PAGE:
• “Reimagining Sex Education with a Feminist Agenda” with Josie Groll
  • “Sexercise: Objectified Exercise Ads and their Impact on Women” with Ashley Murray

The WGST Research Showcase is a forum for UT students to present their research and creative projects to the broader university community. It serves as a resource for students to share and learn how fellow students have developed their intellectual interests, current projects, and faculty connections. The Showcase also demonstrates to students, faculty, staff, alumni, and the UT community that student research builds upon and enriches the UT undergraduate experience.

Interdisciplinary dialogues - Tackling Controversial Issues through Interdisciplinary Inquiry
Thursday, February 22, 4-6 p.m.
Carlson Library - Room 1005
Admission - FREE. Catered snacks and beverages will be provided.

Image depicting a character overwhelmed by government spending, police shootings and other eventsStudents and faculty will present why and how we do interdisciplinary teaching and scholarship from the unique perspective of studying of law within the context of the liberal arts.

Presented by The School of Interdisciplinary Studies and the Program in Law and Social Thought. 

Lunch with a Purpose "Good Grief! Using Service - Learning to explore the Concepts of Death and Dying"
Wednesday, March 14, 12:10-1 p.m.
Eberly Center - Tucker Hall
Admission - FREE

SPEAKER - MONITA H. MUNGO, PhD, Assistant Professor and Adviser, Department of Sociology and Anthropology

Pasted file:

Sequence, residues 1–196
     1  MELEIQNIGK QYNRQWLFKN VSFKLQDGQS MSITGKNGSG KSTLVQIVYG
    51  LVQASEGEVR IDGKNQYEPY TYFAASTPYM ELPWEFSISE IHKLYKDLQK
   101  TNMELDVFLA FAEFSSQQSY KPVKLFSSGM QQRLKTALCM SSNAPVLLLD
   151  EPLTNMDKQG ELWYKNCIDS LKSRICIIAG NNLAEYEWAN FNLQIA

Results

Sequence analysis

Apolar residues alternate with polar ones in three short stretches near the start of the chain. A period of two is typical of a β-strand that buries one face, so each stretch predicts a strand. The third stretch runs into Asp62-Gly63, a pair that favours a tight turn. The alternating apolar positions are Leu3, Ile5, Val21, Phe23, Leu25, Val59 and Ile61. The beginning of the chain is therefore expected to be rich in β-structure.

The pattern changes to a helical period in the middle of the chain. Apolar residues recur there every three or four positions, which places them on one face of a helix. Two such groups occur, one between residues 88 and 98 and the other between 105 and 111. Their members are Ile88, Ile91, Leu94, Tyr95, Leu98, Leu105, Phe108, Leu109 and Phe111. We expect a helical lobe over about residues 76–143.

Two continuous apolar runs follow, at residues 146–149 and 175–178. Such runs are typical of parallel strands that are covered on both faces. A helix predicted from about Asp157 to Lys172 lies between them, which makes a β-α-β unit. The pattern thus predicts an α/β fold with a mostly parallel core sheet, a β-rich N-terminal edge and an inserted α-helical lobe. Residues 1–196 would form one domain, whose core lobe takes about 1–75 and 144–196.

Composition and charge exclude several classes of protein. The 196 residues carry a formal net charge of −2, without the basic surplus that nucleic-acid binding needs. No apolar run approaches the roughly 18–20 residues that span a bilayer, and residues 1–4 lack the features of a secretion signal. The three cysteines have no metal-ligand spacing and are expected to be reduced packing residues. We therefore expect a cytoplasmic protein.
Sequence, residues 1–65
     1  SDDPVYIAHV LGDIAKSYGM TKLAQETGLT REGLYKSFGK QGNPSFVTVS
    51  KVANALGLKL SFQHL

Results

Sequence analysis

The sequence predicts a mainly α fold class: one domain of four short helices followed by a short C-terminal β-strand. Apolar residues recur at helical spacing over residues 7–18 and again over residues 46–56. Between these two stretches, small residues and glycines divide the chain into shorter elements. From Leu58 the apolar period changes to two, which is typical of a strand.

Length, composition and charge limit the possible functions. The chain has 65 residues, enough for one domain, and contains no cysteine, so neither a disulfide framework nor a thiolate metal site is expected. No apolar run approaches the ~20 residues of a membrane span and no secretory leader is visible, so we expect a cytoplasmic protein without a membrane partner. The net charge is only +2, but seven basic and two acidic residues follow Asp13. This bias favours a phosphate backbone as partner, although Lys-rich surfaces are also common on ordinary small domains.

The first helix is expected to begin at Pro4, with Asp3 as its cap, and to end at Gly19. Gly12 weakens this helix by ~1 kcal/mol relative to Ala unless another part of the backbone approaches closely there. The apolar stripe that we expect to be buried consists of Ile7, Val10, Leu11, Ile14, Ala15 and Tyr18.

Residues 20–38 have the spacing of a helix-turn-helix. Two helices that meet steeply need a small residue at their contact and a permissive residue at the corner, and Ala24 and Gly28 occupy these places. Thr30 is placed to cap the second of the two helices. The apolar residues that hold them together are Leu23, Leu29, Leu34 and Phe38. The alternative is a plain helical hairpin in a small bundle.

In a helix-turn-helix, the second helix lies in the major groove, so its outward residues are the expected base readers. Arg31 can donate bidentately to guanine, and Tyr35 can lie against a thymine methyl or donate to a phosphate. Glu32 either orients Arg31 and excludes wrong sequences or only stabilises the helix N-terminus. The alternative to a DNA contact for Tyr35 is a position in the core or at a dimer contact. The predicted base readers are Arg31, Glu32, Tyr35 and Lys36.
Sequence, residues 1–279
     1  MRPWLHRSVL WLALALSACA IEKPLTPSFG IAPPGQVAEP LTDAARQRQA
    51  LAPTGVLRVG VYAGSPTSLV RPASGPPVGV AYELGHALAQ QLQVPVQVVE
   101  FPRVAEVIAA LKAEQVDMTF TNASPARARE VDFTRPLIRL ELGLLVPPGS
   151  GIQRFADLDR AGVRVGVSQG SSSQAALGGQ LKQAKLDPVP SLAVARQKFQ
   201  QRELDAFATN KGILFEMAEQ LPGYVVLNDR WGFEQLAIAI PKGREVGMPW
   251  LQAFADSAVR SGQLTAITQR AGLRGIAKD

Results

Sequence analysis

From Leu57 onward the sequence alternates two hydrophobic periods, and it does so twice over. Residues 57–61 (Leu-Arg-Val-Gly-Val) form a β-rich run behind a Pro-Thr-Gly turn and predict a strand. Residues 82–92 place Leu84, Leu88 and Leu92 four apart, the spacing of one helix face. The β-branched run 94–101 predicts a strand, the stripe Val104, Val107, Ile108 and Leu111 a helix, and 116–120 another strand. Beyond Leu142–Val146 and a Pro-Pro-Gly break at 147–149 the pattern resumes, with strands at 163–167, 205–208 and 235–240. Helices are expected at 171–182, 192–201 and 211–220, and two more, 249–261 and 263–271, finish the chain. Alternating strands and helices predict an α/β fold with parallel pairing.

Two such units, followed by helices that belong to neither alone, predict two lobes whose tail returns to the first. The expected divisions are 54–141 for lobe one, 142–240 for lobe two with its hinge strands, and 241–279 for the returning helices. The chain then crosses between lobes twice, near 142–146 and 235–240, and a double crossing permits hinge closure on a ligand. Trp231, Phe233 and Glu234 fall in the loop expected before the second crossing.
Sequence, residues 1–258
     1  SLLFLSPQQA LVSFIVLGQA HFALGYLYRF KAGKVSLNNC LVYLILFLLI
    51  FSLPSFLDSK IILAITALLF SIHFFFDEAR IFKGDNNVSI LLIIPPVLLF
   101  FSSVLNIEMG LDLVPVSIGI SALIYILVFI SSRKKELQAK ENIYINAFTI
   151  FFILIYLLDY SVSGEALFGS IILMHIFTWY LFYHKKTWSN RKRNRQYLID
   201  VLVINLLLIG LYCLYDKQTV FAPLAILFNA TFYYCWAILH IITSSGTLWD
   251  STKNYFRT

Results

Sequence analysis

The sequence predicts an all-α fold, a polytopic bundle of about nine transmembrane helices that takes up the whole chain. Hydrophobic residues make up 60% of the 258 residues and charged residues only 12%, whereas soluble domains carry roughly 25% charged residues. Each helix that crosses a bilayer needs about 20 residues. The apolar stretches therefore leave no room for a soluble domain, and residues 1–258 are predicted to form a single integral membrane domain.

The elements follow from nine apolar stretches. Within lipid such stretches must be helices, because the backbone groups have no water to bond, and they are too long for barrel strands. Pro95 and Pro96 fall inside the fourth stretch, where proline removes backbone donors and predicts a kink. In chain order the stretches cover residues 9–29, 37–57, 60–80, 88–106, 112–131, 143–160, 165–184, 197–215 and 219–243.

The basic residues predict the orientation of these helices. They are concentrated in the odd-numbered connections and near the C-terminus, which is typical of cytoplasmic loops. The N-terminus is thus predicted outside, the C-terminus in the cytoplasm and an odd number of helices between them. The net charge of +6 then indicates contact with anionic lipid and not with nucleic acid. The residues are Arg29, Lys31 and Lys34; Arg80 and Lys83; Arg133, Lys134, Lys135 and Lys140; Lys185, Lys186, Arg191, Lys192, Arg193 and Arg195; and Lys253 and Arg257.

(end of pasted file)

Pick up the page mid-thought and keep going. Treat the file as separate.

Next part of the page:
Working with Heartland Hospice Care, the Medical Sociology in Community Practice course was created to provide students with an experiential learning opportunity focused on dying, death and the grieving process. Students volunteered at local hospices as “friendly visitors.” As a final project, students created flashcards with coping tips for grieving children to be used at a grief camp Heartland sponsors. The presentation will explore how service-learning affected the students’ learning outcomes. 

Lunch with a Purpose "Do Positive Feelings Increase Physical Activity? A Cross-Cultural Study""
Wednesday, April 11, 12:10-1 p.m.
Eberly Center - Tucker Hall
Admission - FREE

SPEAKER - KELSEY O'BRIEN, Jesup Scott Honors College Psychology Major, Spanish Minor

This research examines the relationship between affective associations (i.e., how one feels about something) and levels of health behaviors (e.g., frequency of physical activity). According to prior research, positive affective associations are more likely to predict intentions of health behaviors than cognitive variables (e.g., one’s beliefs). Interestingly, the desired affective state has been found to differ cross-culturally. For this study, data was collected from two sampling populations, one among undergraduate students at The University of Toledo, and the other among undergraduate students at the University of Ghana. The results have the potential to innovate health interventions on a more global scale.

Last Updated: 2/15/18